One should appreciate that device attributes 323 can represent a broad spectrum of data modalities, including modalities beyond human perception. Human perceivable data modalities can include data that represents images, sound, touch, smell, or even taste. Examples of non-human perceivable data modalities include location, demographics, time, events, orientation, news events, or other types of data.
 The zone server 350 represents the infrastructure on which an instantiated zone 395 is instantiated where the server 350 can be a dedicated piece of hardware, a virtual machine, or other configuration of hardware and software. Example infrastructures that an can be used as a zone server include a cloud-based service (e.g., Amazon® EC2; Microsoft® Azure, Google® Cloud, etc.), a for-fee based service, an connection-oriented or a connection-less server (e.g., HTTP, UDP, etc.), a peer-to-peer service, a privately hosted service, a virtual machine, a zone-specific virtual machine, an access point, a cell phone hot spot, or other computing infrastructure.
 In the example shown, instantiated zones 395 can operate as customizable and reconfigurable Platform-As-a-Service (PAS), Software-As-a-Service (SAS), or even Infrastructure-As-a-Service (ISA). Once a zone 395 is launched, the zone server 350 ensures that the zone 395 and its services 393A through 393N, collectively referred to as persistent services 393, maintain persistence according to the zone criteria, zone rules, or other zone properties. As stated above, one should keep in mind that the roles or responsibilities of zone server 350 can be distributed across other elements in the system include networking infrastructure or even electronic device 320. For example, electronic device 320 could operate as a Personal Area Zone (PAZ).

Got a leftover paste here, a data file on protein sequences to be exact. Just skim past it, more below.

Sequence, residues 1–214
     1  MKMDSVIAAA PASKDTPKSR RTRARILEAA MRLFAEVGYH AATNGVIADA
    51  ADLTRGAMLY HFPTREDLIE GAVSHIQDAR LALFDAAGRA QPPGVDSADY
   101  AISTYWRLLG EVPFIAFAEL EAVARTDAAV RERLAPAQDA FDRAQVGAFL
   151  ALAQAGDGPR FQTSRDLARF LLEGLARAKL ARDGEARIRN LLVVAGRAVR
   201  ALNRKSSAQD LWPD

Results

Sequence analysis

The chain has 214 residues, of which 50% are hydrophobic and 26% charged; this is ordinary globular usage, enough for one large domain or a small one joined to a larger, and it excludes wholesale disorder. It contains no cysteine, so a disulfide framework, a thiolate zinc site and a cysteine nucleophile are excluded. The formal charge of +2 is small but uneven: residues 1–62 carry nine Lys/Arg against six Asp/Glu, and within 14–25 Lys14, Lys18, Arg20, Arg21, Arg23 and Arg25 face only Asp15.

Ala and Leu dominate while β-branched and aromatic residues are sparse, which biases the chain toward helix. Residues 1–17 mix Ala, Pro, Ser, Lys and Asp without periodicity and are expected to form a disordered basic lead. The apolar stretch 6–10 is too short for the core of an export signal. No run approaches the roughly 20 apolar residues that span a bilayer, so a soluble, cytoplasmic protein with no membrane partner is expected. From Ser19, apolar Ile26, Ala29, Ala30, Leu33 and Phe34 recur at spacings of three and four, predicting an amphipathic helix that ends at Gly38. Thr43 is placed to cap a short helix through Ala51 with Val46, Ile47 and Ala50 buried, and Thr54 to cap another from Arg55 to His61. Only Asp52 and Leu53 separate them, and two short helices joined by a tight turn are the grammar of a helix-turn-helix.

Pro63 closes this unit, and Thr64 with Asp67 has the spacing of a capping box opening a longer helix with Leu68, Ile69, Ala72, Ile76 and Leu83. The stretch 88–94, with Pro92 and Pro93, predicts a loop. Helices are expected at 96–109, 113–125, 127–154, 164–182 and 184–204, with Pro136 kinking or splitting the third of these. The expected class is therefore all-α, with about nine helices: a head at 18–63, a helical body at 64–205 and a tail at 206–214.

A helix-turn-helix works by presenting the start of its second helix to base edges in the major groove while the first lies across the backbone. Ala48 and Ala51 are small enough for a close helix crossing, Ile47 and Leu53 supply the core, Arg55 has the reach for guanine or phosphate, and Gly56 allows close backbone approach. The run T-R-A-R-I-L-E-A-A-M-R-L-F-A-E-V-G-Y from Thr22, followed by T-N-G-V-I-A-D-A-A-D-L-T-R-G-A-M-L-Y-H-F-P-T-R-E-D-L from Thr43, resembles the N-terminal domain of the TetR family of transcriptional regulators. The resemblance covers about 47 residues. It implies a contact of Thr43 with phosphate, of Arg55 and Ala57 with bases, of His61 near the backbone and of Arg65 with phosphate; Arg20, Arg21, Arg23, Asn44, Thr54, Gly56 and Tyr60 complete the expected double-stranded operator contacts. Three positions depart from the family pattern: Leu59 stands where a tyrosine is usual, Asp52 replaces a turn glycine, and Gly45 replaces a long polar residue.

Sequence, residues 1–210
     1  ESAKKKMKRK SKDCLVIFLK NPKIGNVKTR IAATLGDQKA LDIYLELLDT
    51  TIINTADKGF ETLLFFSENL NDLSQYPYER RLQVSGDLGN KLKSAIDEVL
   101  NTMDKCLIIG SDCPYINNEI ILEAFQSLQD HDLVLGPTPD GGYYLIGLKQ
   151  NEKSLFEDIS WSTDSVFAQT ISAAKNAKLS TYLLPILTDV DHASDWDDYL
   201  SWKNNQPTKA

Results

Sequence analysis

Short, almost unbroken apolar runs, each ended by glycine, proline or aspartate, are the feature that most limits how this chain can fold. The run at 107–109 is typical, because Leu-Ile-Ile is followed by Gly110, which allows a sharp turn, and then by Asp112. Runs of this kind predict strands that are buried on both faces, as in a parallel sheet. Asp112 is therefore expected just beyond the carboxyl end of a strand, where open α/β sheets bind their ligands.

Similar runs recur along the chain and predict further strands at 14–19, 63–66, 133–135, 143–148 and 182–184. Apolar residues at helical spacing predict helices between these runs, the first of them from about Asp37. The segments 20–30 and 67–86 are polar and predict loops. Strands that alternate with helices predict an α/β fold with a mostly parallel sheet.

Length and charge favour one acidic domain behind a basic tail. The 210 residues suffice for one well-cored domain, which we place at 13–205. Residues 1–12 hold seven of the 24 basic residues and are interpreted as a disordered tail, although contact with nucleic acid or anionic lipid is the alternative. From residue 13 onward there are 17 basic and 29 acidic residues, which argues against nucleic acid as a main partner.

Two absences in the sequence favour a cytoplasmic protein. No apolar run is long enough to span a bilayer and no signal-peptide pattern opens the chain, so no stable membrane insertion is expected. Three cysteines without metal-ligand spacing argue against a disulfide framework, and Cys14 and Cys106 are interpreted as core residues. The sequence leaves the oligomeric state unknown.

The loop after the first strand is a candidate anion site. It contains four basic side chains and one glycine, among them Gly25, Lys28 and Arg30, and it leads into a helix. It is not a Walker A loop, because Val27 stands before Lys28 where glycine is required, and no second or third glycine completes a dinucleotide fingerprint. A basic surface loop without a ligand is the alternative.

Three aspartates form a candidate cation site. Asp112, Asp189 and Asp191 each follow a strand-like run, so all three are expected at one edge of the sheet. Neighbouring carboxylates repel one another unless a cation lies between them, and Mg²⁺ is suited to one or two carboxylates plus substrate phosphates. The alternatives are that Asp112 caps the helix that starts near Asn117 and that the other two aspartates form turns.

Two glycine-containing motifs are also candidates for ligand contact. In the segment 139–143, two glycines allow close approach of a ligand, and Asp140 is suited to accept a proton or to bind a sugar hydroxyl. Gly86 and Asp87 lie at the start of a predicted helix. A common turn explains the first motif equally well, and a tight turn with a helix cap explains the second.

The zone server 350 is configured to obtain device attributes 323, which can include image data representative of zone marker 310, from the electronic device 320 via the device interface. The device attributes 323 can be obtained through various techniques including a push model, pull model, polling model, or other communication techniques. In more preferred embodiments, the electronic device 320 can establish a connection (e.g., a TCP/IP connection, a session, an asynchronous connection, etc.) with a zone server 350, possibly via a thin client or operating system module, and keeps the connection open. Once the connection is established, the device 320 and zone server 350 can maintain the connection. When context dictates, the zone server 350 can push service information from persistent services 393 or other sources to device 320. Using a push model for information is considered advantageous due to low communication overhead rather than a query-based approach where the device 320 constantly requests updates or polls zone server 350. As the device 320 moves from one zone to another zone, the device can 320 maintain the same connection to a zone server 350 or establish a new connection with a new zone server, possibly based on a hand-off algorithm. Regardless of the connection, the zone server 350 can obtain the device attributes 323 over the connection from the electronic device 320. Example device attributes can include device identify, device sensor data (e.g., GPS coordination, triangulation, accelerometer, heading, audio, image, video, etc.), ambient data, user identity, phone number, MAC address, make, model, operating system, version numbers, installed applications, or other device information. The server 350 can use device attributes 323 to determine if the device is contextually relevant to one or more zones 395 for which the server is responsible through one or more techniques.